I have just replaced react-router from v3 to v4.
But I am not sure how to programmatically navigate in the member function of a Component. i.e in handleClick() function I want to navigate to /path/some/where after processing some data. I used to do that by:

import { browserHistory } from 'react-router'
browserHistory.push('/path/some/where')

But I can't find such interfaces in v4.
How can I navigate using v4?

  • 2
    You can access the history object in v4 through props: this.props.history.push('/') – bagofcole May 5 '17 at 14:33
  • 3
    What if you want to access it from a different place than a Component? For example, inside the redux actions. – Maximus S May 14 '17 at 17:33
  • 29
    sometimes i wondering why it is so complicated to just move from one link to the other =)) – Thai Tran May 20 '17 at 0:59
  • 7
    One would think that in this day and age redirecting wouldn't be so f'ing complicated. – JohnAllen Sep 28 '17 at 18:47
  • I found this post helpful: medium.com/@anneeb/redirecting-in-react-4de5e517354a – BioData41 Feb 19 at 18:53

13 Answers 13

up vote 306 down vote accepted

If you are targeting browser environments, you need to use react-router-dom package, instead of react-router. They are following the same approach as React did, in order to separate the core, (react) and the platform specific code, (react-dom, react-native ) with the subtle difference that you don't need to install two separate packages, so the environment packages contain everything you need. You can add it to your project as:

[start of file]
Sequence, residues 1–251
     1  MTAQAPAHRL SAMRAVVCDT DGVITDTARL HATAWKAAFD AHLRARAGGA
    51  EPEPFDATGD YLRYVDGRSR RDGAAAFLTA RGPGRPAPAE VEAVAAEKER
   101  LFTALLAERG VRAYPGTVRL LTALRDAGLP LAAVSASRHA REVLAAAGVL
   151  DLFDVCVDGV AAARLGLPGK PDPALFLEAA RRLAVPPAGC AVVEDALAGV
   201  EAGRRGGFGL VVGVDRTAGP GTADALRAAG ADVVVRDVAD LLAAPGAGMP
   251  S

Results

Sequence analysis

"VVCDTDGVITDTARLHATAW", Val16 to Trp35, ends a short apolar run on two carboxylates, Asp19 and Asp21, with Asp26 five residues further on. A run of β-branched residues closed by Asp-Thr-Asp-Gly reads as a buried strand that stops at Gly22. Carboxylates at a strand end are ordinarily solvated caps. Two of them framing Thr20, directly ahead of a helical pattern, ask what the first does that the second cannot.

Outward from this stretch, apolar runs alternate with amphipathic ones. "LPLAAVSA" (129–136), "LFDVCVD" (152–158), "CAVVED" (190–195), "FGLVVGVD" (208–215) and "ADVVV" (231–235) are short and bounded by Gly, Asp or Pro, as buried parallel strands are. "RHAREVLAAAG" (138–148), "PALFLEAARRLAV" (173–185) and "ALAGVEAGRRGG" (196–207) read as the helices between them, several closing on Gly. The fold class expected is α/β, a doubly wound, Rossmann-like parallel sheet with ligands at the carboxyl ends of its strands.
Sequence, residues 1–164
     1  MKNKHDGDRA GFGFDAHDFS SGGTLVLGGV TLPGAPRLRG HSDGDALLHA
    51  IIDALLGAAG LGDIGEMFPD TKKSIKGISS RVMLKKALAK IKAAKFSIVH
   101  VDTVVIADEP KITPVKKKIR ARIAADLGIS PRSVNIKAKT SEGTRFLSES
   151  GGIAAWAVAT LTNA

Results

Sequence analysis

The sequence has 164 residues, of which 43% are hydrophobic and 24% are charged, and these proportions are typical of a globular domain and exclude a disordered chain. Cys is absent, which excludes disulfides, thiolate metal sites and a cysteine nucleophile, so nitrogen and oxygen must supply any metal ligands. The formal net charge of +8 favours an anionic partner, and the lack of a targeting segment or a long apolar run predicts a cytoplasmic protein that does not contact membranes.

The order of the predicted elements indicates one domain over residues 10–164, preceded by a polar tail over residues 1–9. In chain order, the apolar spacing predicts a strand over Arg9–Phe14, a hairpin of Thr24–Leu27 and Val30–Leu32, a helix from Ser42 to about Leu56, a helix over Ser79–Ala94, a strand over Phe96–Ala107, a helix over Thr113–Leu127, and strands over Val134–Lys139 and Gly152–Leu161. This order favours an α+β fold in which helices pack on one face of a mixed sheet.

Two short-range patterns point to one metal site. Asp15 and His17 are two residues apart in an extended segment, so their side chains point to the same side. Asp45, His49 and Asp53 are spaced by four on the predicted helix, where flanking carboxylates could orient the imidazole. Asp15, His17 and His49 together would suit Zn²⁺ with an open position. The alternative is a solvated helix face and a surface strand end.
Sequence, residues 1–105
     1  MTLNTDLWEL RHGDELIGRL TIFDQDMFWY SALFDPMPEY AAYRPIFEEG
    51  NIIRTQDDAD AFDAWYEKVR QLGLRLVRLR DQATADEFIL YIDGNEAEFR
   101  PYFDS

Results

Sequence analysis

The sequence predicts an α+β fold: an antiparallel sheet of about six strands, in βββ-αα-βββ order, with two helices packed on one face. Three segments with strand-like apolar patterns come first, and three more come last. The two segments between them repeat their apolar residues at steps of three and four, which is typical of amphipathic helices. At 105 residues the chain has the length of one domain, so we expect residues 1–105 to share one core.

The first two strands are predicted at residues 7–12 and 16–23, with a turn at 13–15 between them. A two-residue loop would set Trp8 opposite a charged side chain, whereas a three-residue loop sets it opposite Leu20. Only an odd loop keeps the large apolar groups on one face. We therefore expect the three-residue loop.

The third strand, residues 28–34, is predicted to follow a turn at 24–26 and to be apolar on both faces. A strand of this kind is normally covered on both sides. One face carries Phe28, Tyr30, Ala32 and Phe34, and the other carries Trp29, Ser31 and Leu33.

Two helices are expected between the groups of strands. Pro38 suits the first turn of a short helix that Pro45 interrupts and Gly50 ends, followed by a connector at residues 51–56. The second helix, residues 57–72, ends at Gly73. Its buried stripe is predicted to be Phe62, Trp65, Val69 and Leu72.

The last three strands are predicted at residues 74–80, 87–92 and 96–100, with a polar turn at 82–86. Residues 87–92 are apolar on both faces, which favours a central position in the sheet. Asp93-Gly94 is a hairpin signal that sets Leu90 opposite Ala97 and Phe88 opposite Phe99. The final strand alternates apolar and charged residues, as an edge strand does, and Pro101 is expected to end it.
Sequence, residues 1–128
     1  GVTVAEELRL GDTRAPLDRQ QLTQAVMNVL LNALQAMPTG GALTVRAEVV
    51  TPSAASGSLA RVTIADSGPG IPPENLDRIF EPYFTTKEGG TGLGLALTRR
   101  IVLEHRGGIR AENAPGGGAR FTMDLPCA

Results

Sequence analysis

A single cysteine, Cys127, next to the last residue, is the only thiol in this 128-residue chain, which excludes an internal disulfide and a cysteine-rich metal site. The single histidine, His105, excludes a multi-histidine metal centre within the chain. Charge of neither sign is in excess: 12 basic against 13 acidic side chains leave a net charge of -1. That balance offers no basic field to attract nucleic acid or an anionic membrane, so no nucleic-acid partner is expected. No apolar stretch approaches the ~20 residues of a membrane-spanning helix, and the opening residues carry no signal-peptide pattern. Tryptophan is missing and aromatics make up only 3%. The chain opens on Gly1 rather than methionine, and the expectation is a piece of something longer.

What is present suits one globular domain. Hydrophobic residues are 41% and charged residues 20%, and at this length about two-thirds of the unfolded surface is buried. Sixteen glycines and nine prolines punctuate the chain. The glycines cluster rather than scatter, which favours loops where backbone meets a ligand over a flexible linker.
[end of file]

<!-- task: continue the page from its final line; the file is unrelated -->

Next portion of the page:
yarn add react-router-dom

or

npm i react-router-dom

The first thing you need to do is to provide a <BrowserRouter> as the top most parent component in your application. <BrowserRouter> uses the HTML5 history API and manages it for you, so you don't have to worry about instantiating it yourself and passing it down to the <BrowserRouter> component as a prop (as you needed to do in previous versions).

In V4, for navigating programatically you need to access the history object, which is available through React context, as long as you have a <BrowserRouter> provider component as the top most parent in your application. The library exposes through context the router object, that itself contains history as a property. The history interface offers several navigation methods, such as push, replace and goBack, among others. You can check the whole list of properties and methods here.